The Mvele people occupy the North -East part of the Centre Region of Cameroon and South of the Sanaga (precisely at the borders of the sanaga). It is bounded in the North by the Savannah of the “Haut Plateau” Department, in the South by the Mfoundi Department and in the West and South West by the Department of ‘’Nyong et Mfoumou’’ and Lekie respectively. The surface area of the region occupied by the Mvele has been evaluated to 2850km2. It is a transitional zone between the Savannah and the forest and the relief of the area is constituted of an escarpment boarded with hills and other massif mountains. The structure of the relief encloses chalky ground and soil used for the production of small bricks. The Mvele are found in three different Divisions in the centre region of Cameroon;
- Mbam: we can find one part of the Mvele in the Mbam division of Cameroon precisely in the Ntui sub division. The total Mvele population here is estimated at 1900people
- Mefou: we can also find the Mvele in the Mefou division precisely in Awae and Esse sub-divisions. There are 15400people in Awae and 16800people in Esse.
- Nyong and Mfoumou: The Mvele’s are also found in this division precisely in the Akonolinga sub division and has 2500 people living in this locality. We can thereby say that the Mvele tribe has a total population of 36600people.
The region falls completely within a type A or Guinea-type type climate. This gives the region high humidity and precipitation, with rainfall averaging 1,000-2,000 mm each year. Precipitation is highest in the southernmost portions and diminishes toward the north. Temperatures are fairly steady, averaging 24˚ for the entire region except for the northwestern portions of Mbam division, where they fall to 23˚. The region also experiences equatorial seasons, alternating between rainy and dry periods. The long dry season begins the year, running from December to May. After this comes the short rainy season, which lasts from May to June. The short dry season comes next, from July to October and then year ends in the long rainy season from October to November. North of 5˚, the dry periods last up to four months.
How Climate Influences their Lifestyle
- On Food:
The above climatic condition has favoured the intensive cultivation of food crops especially cassava and what is often referred as okok. These food crops are cultivated in the area because of the climatic condition which favours its cultivation and these foods are greatly eaten in the region. It is considered as their main food. Also, due to the hot humid climate, plantation agriculture is also carried in the community. Plantain is also eaten in this area because the climate favours its cultivation. In addition, the climate of the region has favoured the cultivation of maize which has made the people of this region to adapt themselves in eating it. They use maize to cook ‘’sangha’’ which is also considered as one of their main food.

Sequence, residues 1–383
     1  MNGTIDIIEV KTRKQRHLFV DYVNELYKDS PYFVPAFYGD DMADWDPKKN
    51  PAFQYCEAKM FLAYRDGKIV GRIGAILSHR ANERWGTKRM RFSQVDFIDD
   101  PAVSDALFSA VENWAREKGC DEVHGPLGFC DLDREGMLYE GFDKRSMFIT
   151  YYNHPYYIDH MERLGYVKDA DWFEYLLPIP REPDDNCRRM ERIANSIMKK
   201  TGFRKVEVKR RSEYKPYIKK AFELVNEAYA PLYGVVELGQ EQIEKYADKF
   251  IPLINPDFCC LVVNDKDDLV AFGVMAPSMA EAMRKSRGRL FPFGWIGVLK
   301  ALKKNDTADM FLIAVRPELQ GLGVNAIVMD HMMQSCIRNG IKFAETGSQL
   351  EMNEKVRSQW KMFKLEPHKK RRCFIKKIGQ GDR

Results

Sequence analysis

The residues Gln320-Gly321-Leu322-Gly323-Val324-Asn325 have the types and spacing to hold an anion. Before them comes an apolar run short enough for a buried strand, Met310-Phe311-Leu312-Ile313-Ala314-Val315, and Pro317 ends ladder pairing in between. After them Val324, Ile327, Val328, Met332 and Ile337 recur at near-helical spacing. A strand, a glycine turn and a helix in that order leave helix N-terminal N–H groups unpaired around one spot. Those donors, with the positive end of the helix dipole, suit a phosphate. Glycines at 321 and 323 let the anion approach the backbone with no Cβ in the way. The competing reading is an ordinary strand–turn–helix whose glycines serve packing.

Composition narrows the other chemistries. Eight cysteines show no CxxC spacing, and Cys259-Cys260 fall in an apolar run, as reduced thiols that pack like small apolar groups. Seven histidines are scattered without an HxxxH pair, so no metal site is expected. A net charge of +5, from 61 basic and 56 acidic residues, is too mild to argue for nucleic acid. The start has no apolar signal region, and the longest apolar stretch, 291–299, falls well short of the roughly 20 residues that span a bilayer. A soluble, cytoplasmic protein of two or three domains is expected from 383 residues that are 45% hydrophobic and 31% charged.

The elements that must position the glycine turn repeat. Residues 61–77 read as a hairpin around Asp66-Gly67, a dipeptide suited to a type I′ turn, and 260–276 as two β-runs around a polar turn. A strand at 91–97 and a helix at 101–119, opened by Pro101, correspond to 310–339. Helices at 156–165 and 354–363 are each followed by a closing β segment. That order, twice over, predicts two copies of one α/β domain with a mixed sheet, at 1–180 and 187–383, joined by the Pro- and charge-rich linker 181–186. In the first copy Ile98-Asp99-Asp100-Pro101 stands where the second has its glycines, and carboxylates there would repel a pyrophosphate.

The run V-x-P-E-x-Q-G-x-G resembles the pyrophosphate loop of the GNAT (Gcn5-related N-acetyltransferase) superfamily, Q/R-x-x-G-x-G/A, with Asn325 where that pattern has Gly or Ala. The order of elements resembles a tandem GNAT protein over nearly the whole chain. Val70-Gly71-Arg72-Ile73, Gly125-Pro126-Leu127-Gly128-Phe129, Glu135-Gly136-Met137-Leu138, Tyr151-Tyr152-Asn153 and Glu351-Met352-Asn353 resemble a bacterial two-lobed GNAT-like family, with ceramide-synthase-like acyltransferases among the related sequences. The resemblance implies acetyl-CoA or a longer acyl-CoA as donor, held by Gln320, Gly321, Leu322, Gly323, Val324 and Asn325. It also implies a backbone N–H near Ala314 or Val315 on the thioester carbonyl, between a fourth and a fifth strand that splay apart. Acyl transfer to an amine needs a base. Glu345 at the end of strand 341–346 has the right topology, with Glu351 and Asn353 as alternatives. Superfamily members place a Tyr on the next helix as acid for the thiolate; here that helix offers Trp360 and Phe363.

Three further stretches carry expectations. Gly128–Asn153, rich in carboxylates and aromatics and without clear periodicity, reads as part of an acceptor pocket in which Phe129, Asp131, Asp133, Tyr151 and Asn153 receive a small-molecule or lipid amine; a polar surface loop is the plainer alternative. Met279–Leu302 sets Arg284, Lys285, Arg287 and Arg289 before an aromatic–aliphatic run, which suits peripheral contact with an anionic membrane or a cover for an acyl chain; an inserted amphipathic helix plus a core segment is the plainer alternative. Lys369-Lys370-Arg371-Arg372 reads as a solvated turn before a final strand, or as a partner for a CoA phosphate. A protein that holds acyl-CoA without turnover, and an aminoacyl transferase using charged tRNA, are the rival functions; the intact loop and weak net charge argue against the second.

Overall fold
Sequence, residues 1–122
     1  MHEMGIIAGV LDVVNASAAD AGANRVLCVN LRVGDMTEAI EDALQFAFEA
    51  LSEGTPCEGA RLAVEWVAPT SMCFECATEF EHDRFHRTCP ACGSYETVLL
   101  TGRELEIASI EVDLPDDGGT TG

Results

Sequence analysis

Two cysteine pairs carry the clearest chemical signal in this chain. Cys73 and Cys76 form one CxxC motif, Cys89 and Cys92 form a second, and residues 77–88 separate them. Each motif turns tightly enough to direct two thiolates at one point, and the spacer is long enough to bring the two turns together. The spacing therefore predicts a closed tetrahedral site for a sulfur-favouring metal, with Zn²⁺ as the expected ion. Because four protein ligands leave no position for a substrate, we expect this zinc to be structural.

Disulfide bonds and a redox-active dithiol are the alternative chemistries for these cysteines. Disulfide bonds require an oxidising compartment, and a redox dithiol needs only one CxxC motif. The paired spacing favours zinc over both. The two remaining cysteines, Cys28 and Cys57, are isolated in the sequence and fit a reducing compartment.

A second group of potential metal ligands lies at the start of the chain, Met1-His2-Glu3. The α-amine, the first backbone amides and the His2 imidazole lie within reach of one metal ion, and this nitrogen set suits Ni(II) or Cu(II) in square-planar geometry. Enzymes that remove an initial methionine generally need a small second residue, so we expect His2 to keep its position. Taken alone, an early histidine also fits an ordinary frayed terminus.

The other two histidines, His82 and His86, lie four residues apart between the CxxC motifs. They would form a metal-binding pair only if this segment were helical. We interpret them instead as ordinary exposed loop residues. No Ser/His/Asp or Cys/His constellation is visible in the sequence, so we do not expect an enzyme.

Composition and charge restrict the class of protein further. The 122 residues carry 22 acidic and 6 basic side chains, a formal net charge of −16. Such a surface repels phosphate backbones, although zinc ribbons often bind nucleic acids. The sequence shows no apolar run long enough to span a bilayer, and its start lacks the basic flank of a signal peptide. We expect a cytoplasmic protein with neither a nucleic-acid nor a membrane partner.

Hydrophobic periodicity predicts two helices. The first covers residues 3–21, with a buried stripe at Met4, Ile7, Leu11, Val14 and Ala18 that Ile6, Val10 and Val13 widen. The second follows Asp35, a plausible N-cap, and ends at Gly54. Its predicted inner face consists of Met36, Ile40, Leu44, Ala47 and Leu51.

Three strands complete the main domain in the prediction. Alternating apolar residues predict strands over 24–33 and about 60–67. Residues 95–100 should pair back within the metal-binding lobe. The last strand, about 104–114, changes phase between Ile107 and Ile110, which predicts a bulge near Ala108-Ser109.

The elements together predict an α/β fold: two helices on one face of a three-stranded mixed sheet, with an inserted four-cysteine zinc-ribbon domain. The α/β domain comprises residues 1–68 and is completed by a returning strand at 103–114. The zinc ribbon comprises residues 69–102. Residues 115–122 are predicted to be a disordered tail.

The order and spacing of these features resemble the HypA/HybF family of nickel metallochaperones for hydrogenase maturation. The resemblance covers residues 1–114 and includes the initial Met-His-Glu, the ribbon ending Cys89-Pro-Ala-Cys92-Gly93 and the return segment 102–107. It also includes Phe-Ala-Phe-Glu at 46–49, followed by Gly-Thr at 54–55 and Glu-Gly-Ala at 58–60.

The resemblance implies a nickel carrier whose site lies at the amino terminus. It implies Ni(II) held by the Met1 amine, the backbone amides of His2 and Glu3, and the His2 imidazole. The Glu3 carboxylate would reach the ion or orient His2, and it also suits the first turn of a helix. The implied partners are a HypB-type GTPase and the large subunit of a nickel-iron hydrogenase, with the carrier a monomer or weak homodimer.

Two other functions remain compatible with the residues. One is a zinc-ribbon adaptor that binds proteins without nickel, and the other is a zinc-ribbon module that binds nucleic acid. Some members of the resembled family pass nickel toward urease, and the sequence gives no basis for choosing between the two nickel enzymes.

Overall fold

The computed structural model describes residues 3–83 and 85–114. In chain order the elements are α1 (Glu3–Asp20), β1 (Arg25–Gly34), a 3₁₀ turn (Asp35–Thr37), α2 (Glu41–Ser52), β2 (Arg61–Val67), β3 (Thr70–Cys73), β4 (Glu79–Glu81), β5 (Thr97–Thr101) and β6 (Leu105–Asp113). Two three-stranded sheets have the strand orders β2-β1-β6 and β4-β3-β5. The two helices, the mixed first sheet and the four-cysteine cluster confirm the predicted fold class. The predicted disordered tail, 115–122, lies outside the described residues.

- On Dressing/clothing:
As we said before, the way people are dressing today is completely different from that of the ancestors. The people in the ancient days just needed something to cover their sex. They used banana leaves to cover their private parts. When the region was later colonised by the Germans, their dressing code totally changed as the colonizers imposed their way of living and dressing on the people. So from the time this people were colonised, they changed their way of dressing. They now dressed normally; they don’t just cover their private part as the ancestors did, but their whole body.
The climate of the region has also influenced their dressing style. As the area alternates between the rainy and the dry season, these people change dressing style during these periods. In the rainy season, people wear big clothes like coats and pull overs because places are cold while in the dry season, people put on light dresses because places are hot. So, we can say that these people dress with respect to the climate.
Settlements in the Mvele community are traditionally configured along roads, resulting in large numbers of houses near the road with forest beginning directly behind them. The traditional house is a rectangular structure made of mud bricks and thin posts. Roofs are sometimes made of thatched raffia palm, but they are more often of corrugated aluminum, iron, or tin today.
The Mvele can easily be distinguished from the other Beti tribes because of their physical appearance. One can easily recognise them with their height and there are naturally slim. We can rarely find small and short people among them.